The garden is an outdoor classroom space where students come alive in new ways. Many students don’t thrive in a classroom setting where they must sit still, listen, and do exactly what they are told. Rather, many students thrive in an experiential learning environment where they learn with hands-on activities.
The changing of seasons from winter to spring is an exciting time to utilize the outdoor garden classroom where students learn and explore in new ways. As a FoodCorps member at PS 443 in the South Bronx, I have the opportunity to see kids light up when we take classes outside to the garden. Students learn how to nurture all their garden friends from pill bugs to worms to soil to our little plant seedlings. Many students that I witness struggling in the indoor classroom have a positive shift in behavior in the garden space.
M came alive in the garden space. He arrived in the United States only a couple months ago. He speaks an African dialect that no one else can speak in the school, therefore, he is not able to speak in his 4th grade class with his teacher or classmates. From the very first day, the classroom teacher and I took the class to the garden, this little boy came alive. He immediately dug his hands in the dirt and knew exactly how to plant the carrot seed without needing to comprehend the instructions. Since that first garden experience, he is now able to comprehend and speak a little English. Last week I was able to have a conversation with M about what he planted in Africa. With a smile from ear to ear, he named many fruits and vegetables: spinach, bananas, mangos, carrots, oranges, tomatoes. That day I realized that communication in the garden classroom uses a language of experience and culture: learning the responsibility that comes from nurturing and caring for living things.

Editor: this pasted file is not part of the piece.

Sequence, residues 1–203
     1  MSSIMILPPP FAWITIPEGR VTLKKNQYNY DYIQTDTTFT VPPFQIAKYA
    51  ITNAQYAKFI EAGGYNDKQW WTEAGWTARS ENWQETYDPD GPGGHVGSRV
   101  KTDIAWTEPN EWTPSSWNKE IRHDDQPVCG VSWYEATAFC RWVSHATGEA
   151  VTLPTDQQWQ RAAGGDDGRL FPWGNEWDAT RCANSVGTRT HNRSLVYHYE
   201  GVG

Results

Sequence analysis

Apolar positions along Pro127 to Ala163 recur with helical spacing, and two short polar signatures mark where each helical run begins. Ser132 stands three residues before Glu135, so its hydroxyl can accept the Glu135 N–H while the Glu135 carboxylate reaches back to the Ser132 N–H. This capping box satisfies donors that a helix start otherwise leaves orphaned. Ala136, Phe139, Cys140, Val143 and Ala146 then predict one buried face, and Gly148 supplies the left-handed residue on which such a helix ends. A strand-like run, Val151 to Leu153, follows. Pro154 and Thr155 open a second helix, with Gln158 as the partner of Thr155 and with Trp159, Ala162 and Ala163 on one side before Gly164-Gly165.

Another student, one of my 2nd graders comes alive in the garden space. As I was giving the instructions for the day, this little girl could not stop talking and asking questions about the garden and the sugar snap pea seeds we were planting. “What’s inside the seed? When will there be snap peas?” The teacher looked at me in awe and said “this is so great! I cannot get her to speak in the classroom!” Just like the new seeds they are planting, kids come alive in new ways in the garden space!